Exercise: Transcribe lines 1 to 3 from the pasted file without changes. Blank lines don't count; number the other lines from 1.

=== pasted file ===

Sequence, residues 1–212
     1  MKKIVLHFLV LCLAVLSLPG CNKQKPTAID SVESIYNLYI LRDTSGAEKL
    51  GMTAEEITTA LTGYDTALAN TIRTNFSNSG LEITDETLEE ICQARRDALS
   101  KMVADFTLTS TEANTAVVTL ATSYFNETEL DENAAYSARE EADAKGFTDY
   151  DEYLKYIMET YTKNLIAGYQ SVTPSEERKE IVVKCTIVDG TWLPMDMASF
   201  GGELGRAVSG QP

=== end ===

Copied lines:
Sequence, residues 1–212
     1  MKKIVLHFLV LCLAVLSLPG CNKQKPTAID SVESIYNLYI LRDTSGAEKL
    51  GMTAEEITTA LTGYDTALAN TIRTNFSNSG LEITDETLEE ICQARRDALS